The DPM reports representative data in the form of more than 800 regularly updated charts, figures, and data tables. The DPM is based on a sample of over 4,000 patients in ~140 US dialysis units. It provides comparisons and trends over time (representative of the United States as a whole), using weighting techniques. Data are also provided by race and facility types. Research papers describing the DPM methods and findings have been published. Data are updated every four months, with only a three-to-four-month lag between data collection and Web posting.
The Prospective Payment System (PPS), an initiative of the Centers for Medicare & Medicaid Services (CMS) launched in January 2011, is intended to control dialysis costs through bundled payments (that is, fewer separately billable medications and services). The Quality Incentive Payment (QIP) program, which began in 2012, is the first Medicare program that links provider or facility payments to performance based on achievement of specific quality measures.
The DPM fills an important need, providing a source of timely, representative data, while tracking the effects of the ESRD PPS on dialysis practice. Its findings can serve as an early warning system for possible adverse effects on clinical care and as a basis for patient and dialysis community outreach, editorial comment, and informed advocacy.
DPM data are aggregated across dialysis organizations and facilities. Aggregated trends may not reflect trends in individual dialysis organizations or facilities, and are not intended to provide oversight of performance in individual dialysis organizations or facilities.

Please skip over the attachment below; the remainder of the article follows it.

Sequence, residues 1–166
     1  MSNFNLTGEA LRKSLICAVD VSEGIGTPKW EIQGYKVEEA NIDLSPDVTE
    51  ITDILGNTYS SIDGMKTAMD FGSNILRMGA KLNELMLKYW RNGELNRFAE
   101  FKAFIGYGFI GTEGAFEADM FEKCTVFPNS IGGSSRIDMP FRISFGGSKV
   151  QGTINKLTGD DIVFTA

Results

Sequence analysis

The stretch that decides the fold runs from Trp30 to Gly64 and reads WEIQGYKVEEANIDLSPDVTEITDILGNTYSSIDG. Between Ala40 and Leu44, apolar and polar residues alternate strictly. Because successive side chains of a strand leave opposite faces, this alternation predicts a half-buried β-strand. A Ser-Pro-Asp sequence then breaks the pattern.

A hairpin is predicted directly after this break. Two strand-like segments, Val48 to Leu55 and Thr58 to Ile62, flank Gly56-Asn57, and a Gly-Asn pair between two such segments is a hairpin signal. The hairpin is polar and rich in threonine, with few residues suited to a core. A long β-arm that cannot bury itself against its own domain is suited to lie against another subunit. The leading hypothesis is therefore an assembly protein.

The Dialysis Outcomes and Practice Patterns Study (DOPPS) is a prospective cohort study investigating practices related to the best outcomes for hemodialysis patients in more than 20 countries. Administered by the nonprofit Arbor Research Collaborative for Health of Ann Arbor, Mich., the DOPPS is supported by research grants from Amgen (since 1996), Kyowa Hakko Kirin (since 1999, in Japan), Sanofi Renal (since 2009), AbbVie (since 2009), Baxter (since 2011), Vifor Fresenius Renal Pharma (since 2011), and Fresenius Medical Care North America (since 2012) without restrictions on publications. The DOPPS is based on patient- and facility-level data reported from nationally representative samples of facilities within each country. The DPM facility sample is nationally representative based upon recent analyses using CMS data that demonstrate similarity between the sample and the national data across the range of observed practice variation.
Click here to view the DOPPS Practice Monitor